Yeah. And there's a difference between going to the store and buying raspberries and going standing in your.


Backyard picking them off your own Bush.


I love raspberries and.


I have cultivated a patch. It's my patch. I'm the only one that eats those raspberries and I go out there every day during the summer. And I just feast on them. But I have to wait all year. I think yesterday was my last chance to really enjoy them because I think we're getting into the colder weather now.




But I know next year.


They'll be back and there's.


So nice this year.


I feel the same way about tomatoes. I am a condo dweller, so I have a balcony so I cannot serve. Perennial plants are a little bit difficult, but every year I plant tomatoes and I wait all year for those tomatoes and I look forward to them. So in February I'm already mapping out which tomato seeds I'm buying and there's this beautiful cycle of anticipation of effort, of gratification. And then you get to sort of.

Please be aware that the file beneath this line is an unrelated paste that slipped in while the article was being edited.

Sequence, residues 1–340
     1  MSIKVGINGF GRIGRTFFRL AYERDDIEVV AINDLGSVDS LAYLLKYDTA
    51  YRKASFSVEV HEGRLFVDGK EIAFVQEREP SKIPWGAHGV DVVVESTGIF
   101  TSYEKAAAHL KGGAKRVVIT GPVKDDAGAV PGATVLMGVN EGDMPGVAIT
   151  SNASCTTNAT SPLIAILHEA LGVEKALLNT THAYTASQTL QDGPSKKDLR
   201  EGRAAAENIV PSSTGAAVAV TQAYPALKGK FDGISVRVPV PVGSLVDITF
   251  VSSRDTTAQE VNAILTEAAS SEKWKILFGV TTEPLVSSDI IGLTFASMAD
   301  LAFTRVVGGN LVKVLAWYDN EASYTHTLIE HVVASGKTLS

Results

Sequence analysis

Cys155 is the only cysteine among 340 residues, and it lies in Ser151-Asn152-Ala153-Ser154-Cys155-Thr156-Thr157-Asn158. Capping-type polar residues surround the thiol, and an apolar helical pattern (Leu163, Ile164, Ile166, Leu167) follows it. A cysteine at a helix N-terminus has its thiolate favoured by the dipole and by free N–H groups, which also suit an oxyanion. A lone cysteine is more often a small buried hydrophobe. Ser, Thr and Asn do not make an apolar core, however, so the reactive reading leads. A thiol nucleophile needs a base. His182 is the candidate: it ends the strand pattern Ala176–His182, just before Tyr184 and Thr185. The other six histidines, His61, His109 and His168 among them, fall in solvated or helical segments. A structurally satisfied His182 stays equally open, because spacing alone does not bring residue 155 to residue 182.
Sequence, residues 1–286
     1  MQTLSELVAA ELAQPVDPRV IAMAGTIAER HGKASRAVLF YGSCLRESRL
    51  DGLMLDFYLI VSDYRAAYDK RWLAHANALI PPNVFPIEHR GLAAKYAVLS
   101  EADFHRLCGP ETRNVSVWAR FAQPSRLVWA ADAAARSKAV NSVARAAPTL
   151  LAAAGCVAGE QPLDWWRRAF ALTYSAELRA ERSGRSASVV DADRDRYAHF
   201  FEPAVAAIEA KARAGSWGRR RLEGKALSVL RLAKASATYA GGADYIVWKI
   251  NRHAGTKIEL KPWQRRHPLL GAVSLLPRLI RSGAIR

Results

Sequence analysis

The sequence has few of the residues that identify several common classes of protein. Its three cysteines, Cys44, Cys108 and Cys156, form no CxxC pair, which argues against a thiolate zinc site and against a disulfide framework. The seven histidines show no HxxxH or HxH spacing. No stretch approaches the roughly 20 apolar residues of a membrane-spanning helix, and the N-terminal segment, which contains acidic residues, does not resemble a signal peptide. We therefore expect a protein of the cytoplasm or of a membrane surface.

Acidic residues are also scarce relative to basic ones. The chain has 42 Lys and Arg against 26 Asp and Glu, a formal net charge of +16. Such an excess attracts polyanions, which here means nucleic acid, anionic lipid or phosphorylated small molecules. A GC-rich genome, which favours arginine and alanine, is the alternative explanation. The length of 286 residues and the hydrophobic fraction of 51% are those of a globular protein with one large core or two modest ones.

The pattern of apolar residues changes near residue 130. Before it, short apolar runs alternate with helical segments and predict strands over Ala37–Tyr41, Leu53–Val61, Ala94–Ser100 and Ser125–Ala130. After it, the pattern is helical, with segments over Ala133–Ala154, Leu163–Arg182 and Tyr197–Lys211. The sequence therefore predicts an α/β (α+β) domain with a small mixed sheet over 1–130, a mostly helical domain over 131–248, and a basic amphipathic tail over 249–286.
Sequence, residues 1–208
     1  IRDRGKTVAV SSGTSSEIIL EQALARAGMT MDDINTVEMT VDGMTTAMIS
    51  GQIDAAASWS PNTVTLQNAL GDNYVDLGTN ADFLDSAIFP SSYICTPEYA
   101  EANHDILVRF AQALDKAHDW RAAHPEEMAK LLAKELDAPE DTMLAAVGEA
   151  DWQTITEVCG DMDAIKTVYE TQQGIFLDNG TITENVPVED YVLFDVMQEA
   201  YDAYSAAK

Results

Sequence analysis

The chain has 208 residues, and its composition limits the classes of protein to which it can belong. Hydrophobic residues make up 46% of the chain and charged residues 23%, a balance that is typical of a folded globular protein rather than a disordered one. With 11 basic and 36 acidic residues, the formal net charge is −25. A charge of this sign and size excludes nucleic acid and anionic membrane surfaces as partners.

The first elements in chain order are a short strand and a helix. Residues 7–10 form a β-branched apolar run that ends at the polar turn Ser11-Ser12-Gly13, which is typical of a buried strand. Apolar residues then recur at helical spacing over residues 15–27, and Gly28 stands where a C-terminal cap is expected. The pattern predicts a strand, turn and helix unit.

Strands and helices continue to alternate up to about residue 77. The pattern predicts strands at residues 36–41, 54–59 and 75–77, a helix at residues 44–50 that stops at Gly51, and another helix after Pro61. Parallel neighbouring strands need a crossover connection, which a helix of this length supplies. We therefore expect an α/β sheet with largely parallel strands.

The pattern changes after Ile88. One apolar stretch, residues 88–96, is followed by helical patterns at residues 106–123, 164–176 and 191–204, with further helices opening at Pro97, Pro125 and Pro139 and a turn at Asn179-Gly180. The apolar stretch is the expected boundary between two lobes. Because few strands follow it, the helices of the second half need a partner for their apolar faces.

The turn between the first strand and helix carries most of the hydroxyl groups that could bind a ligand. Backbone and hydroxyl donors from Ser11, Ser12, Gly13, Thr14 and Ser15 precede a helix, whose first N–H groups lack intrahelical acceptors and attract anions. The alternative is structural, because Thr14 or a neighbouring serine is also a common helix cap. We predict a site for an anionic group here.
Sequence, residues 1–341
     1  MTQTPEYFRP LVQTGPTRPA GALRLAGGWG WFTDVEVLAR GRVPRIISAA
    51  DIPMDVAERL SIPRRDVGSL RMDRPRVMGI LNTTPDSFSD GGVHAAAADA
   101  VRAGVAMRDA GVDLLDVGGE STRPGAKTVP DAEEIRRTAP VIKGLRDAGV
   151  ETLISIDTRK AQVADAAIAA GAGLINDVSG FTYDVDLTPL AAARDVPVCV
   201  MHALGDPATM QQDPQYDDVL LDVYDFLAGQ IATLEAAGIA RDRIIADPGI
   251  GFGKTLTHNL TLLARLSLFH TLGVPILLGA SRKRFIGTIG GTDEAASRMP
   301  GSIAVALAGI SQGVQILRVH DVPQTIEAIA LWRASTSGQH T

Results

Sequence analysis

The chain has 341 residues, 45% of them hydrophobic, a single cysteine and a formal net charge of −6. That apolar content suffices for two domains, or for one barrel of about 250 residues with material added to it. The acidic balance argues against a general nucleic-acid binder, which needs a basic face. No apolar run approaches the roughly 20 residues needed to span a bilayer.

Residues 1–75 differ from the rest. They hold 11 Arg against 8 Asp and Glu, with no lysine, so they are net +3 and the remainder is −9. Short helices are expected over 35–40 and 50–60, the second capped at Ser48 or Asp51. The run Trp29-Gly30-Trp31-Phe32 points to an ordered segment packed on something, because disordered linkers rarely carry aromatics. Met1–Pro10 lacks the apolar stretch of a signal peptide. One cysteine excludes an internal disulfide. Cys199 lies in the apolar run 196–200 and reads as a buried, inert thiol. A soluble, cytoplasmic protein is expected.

Anticipate again, which can be really love.


And there's a.


Different flavor with a tomato that you pick on a sunny day, and that's just like perfect brightness. It's like.


It is like candy. It's just like it's so sweet and so delicious and so much flavor.


That you can never get in a grocery store, ever. It just, it's just not possible. And it's I fail to see the point of buying tomato.


It's just like they're.


They agree with you.


Just a big disappointment.


I agree with you. I've been teaching so my partner is very lovely and not always tuned in to this kind of experience and so he gets really excited when he sees heirloom tomatoes and so occasionally in February he'll be like, ohh greenhouse heirloom tomatoes. It's like, please don't bring me tomatoes unless it's August. That is the only time of year I want to eat it. Tomato, because that is peak tomato season.